Riddle of missing flight

March 14, 2014 - 5:04:26 am

The glut of unreliable information about the lost Malaysia Airlines plane is clouding the public’s mind and leading to further speculation.

The disappearance of Malaysia Airline MH370 is close to becoming a mystery that throws up information ranging from the incredulous to the plain humorous. After losing its bearing late in the night of last Friday, the Boeing 777-200ER has become the subject of intense speculation among aviation experts, the military, governments, public security analysts, and the common man. Talk on what happened to the giant plane flying from Kuala Lumpur to Beijing ranges from suspicion of terrorism to an onboard explosion. Caught amid all the brouhaha and public curiosity generated by the extensive international coverage are the hapless relatives of the 239 victims. 

The plight of the victims’ families is worsening as time passes without any credible information about the lost aircraft. Moreover, they come across conflicting data released by the Malaysian government which is under international pressure to produce results more than five days after the incident. Amid the plethora of reports, victims’ families at a Beijing hotel are praying for their loved ones. There are cards with messages of hope and love scrawled on them. Beyond emotions, however, lies a reality that is becoming hard to fathom.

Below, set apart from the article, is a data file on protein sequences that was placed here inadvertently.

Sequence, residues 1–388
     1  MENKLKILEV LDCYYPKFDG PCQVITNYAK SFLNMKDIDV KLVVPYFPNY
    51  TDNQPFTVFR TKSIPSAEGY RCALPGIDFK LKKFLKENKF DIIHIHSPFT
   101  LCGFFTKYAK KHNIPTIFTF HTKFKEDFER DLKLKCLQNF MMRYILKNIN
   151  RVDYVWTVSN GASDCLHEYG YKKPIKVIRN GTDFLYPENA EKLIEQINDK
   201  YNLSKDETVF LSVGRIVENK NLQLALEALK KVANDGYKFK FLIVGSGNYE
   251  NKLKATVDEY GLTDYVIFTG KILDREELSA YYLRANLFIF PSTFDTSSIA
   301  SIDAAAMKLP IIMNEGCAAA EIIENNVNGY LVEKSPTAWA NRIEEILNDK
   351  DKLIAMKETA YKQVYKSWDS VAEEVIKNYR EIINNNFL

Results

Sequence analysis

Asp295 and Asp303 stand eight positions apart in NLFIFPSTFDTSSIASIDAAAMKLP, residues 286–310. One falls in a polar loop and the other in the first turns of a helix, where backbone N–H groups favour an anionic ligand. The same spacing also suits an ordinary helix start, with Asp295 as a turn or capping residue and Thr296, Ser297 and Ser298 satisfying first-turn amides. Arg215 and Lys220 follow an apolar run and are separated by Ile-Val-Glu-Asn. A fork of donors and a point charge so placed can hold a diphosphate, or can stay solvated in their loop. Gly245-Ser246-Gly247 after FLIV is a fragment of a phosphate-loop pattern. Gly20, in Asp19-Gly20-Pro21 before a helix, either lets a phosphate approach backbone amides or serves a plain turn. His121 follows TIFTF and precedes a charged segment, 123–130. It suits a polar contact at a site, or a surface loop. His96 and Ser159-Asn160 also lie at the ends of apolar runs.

China on Wednesday raised some hope after declaring that satellite imagery had shown three floating objects near the spot where the plane lost contact. However, a thorough search of the area didn’t produce anything.  A Wall Street Journal report has quoted US experts suspecting that the plane flew for about four hours after losing contact. This theory says that the transponder may have been switched off after which the plane was flown off the course in uncertain conditions. The report hints at the possibility of the aircraft being commandeered with the “intention of using it later for another purpose.” This came after the focus of the investigation had shifted from searches in the South China Sea to the Strait of Malacca after a military radar was said to have detected the plane flying to the West from its last reported point. 

No one knows why this information was kept under wraps for four days. 

An oil rig worker in the South China Sea was reported to have seen a flying object on fire near the spot from where the airline supposedly veered West. From the initial news of two passengers with stolen passports boarding the flight to a suspected electrical failure on board, the glut of theories has confused the public and officials alike.  To keep the air clear in this moment of crisis, Malaysian authorities need to carefully scan the information before releasing it in the public sphere. By holding regular press conferences, it is meeting the condition of transparency, which is so much needed during crisis management. However, what is being told to the media should always stand the test of credibility.

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